closely related species, the details of self- 
pollination are fascinating. As soon as 
the flowers open, stigmas are receptive 
but the pollen is not initially located 
nearby because the stamen filaments 
(stalks) are bent to a position parallel with 
the base of the floral cup. Over a period 
of several hours to several days, filaments 
straighten, bringing the pollen-bearing 
anthers into proximity with the stigmas. 
Cross-pollination would be possible if 
an insect visitor brought pollen to a 
flower shortly after opening, but it seems 
that insect visits of any kind are rare, and 
most seeds form as a result of delayed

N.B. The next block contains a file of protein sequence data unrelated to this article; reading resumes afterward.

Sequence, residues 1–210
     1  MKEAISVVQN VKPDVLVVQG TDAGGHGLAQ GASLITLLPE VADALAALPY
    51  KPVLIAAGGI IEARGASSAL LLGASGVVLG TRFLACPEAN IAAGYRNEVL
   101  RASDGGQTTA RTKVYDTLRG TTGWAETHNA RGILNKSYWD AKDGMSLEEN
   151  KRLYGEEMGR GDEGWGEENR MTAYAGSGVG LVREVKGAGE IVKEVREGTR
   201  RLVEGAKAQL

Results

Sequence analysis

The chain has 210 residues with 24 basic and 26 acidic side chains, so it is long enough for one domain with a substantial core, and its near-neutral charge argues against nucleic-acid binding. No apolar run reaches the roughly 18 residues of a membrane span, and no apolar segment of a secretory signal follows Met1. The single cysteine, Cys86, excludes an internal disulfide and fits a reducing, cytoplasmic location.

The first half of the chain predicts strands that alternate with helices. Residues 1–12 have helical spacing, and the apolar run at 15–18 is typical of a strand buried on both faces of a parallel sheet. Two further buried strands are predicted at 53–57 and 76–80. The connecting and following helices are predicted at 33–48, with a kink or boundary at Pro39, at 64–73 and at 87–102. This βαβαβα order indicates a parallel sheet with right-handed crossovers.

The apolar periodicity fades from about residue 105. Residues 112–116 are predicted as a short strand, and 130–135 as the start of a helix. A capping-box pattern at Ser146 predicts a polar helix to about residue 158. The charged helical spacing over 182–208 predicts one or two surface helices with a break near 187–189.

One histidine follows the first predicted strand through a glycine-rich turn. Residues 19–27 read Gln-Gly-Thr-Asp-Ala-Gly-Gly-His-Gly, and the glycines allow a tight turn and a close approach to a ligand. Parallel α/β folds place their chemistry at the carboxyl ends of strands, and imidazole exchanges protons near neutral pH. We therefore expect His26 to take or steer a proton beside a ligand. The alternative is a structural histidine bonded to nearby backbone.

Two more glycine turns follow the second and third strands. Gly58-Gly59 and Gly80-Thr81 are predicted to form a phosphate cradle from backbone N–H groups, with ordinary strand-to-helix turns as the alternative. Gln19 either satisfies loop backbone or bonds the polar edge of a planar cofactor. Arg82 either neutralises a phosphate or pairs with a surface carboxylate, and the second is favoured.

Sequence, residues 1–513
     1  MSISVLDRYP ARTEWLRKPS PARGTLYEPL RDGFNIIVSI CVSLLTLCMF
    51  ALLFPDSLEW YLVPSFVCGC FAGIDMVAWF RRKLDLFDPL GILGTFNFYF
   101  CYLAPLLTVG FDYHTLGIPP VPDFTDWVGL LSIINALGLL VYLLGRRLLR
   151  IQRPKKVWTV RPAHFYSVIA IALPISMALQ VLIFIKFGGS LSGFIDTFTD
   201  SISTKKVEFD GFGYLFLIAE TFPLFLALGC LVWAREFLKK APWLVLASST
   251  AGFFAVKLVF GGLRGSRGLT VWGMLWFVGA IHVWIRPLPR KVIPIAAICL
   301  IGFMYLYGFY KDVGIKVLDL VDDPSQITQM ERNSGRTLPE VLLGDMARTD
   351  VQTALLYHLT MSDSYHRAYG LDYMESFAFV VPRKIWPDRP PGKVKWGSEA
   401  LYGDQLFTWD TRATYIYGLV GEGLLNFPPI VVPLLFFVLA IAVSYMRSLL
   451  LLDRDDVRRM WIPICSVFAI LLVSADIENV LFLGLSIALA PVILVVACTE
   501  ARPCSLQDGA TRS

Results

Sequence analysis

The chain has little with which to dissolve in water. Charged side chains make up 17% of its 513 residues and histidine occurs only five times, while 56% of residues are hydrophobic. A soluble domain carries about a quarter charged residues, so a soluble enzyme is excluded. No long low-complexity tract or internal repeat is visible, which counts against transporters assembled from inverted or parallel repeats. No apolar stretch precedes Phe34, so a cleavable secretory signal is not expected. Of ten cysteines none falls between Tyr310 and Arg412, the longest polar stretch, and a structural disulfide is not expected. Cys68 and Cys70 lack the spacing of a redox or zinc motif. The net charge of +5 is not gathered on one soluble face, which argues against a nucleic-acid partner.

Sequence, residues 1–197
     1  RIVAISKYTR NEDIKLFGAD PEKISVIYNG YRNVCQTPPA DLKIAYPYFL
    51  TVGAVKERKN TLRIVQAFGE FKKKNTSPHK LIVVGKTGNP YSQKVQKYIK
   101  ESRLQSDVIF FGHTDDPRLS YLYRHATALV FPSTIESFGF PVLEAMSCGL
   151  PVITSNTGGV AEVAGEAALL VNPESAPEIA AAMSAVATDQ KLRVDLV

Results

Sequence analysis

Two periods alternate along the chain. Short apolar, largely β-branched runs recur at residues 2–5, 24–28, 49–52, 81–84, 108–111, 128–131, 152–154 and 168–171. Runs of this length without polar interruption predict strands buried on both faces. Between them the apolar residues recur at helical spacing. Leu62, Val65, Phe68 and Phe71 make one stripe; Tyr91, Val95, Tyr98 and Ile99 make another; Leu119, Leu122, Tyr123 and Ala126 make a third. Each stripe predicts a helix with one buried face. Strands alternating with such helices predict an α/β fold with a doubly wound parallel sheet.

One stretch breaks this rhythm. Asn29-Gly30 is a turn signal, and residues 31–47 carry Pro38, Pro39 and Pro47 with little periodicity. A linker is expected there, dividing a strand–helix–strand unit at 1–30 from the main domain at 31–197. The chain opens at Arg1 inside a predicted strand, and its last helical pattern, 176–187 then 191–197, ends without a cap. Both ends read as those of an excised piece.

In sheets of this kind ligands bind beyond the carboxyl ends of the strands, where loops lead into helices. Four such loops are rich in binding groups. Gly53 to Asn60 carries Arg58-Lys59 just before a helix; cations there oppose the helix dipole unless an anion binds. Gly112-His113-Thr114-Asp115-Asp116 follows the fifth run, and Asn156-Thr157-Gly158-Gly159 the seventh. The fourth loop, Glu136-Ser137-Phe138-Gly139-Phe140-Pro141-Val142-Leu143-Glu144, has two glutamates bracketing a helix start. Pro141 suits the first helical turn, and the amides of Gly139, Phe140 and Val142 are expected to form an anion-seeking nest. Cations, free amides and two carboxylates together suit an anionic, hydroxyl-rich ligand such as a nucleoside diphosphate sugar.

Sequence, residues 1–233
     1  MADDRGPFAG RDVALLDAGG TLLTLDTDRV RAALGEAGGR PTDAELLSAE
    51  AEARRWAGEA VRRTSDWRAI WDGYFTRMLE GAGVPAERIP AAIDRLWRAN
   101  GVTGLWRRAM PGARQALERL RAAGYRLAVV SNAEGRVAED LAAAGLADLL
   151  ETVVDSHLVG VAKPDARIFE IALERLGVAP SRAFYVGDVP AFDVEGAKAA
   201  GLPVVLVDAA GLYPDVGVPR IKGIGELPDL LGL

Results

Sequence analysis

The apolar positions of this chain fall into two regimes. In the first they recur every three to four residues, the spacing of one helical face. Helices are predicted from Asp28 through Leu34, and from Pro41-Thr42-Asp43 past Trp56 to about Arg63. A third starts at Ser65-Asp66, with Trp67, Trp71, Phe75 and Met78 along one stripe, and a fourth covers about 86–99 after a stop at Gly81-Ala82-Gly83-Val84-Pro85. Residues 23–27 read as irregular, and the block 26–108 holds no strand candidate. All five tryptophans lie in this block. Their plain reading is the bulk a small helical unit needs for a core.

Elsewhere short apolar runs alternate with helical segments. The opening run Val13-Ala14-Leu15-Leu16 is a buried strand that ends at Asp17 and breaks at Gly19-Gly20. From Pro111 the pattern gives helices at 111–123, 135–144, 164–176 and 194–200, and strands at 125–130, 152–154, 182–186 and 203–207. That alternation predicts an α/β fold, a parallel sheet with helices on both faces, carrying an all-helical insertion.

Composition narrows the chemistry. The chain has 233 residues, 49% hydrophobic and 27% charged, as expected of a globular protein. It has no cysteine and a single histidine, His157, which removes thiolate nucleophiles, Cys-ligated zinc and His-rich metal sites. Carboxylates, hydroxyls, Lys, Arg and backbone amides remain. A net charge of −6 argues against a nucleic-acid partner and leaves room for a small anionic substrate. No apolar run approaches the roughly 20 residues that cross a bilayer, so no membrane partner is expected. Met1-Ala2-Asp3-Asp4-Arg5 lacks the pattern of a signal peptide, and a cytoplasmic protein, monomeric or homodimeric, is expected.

autonomous self-pollination brought 
about by reorientation movements of the 
stamens. At present, documentation of a 
minor role for cross-pollination by gnats 
or flies rests with some of the western 
U.S. species of Asarum. Asarum hartzvegii 
emits a faint musty floral fragrance 
(Mesler & Lu, 1993) and mushroom flies 
are reported to lay eggs in the flowers of 
several western species (Meeuse & Mor¬ 
ris, 1984). But, our eastern wild ginger, 
Asarum canadense, seems to be over¬ 
whelmingly self-pollinated. 

The story for the closely related 
wild gingers sometimes classified in 
the genus Hexastylis is a bit different. 
In these plants the stamens are short, 
their anthers are located well below the 
stigmas, and their filaments undergo 

Master Naturalists accepting applications 

Applications are now being ac¬ 
cepted for the Arlington Master Natu¬ 
ralist Program that starts this fall. Make 

a difference by becoming a Master 
Naturalist volunteer! 

For information and to complete an 
application for the Arlington program, 
visit the Arlington Regional Master 
Naturalist website at